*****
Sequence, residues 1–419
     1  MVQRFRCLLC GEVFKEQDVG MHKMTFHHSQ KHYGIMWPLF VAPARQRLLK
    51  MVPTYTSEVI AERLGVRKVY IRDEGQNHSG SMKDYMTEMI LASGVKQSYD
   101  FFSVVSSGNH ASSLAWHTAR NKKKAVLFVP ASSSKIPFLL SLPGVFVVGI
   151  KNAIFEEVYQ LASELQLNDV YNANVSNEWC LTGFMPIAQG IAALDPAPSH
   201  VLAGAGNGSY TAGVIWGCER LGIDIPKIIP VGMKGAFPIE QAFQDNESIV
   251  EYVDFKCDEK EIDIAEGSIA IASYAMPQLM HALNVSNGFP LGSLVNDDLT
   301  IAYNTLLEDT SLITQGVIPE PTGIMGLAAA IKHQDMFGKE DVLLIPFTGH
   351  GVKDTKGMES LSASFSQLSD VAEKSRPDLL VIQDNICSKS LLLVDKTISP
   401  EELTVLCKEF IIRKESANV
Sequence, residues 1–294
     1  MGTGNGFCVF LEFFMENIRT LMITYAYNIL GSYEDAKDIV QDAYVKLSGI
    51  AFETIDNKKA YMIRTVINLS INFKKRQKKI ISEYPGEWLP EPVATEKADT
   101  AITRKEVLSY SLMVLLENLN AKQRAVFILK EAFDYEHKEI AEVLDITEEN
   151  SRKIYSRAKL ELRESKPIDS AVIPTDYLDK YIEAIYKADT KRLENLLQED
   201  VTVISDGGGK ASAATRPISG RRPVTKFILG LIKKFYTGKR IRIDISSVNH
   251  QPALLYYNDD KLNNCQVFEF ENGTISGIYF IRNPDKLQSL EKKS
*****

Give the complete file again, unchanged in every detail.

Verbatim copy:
Sequence, residues 1–419
     1  MVQRFRCLLC GEVFKEQDVG MHKMTFHHSQ KHYGIMWPLF VAPARQRLLK
    51  MVPTYTSEVI AERLGVRKVY IRDEGQNHSG SMKDYMTEMI LASGVKQSYD
   101  FFSVVSSGNH ASSLAWHTAR NKKKAVLFVP ASSSKIPFLL SLPGVFVVGI
   151  KNAIFEEVYQ LASELQLNDV YNANVSNEWC LTGFMPIAQG IAALDPAPSH
   201  VLAGAGNGSY TAGVIWGCER LGIDIPKIIP VGMKGAFPIE QAFQDNESIV
   251  EYVDFKCDEK EIDIAEGSIA IASYAMPQLM HALNVSNGFP LGSLVNDDLT
   301  IAYNTLLEDT SLITQGVIPE PTGIMGLAAA IKHQDMFGKE DVLLIPFTGH
   351  GVKDTKGMES LSASFSQLSD VAEKSRPDLL VIQDNICSKS LLLVDKTISP
   401  EELTVLCKEF IIRKESANV
Sequence, residues 1–294
     1  MGTGNGFCVF LEFFMENIRT LMITYAYNIL GSYEDAKDIV QDAYVKLSGI
    51  AFETIDNKKA YMIRTVINLS INFKKRQKKI ISEYPGEWLP EPVATEKADT
   101  AITRKEVLSY SLMVLLENLN AKQRAVFILK EAFDYEHKEI AEVLDITEEN
   151  SRKIYSRAKL ELRESKPIDS AVIPTDYLDK YIEAIYKADT KRLENLLQED
   201  VTVISDGGGK ASAATRPISG RRPVTKFILG LIKKFYTGKR IRIDISSVNH
   251  QPALLYYNDD KLNNCQVFEF ENGTISGIYF IRNPDKLQSL EKKS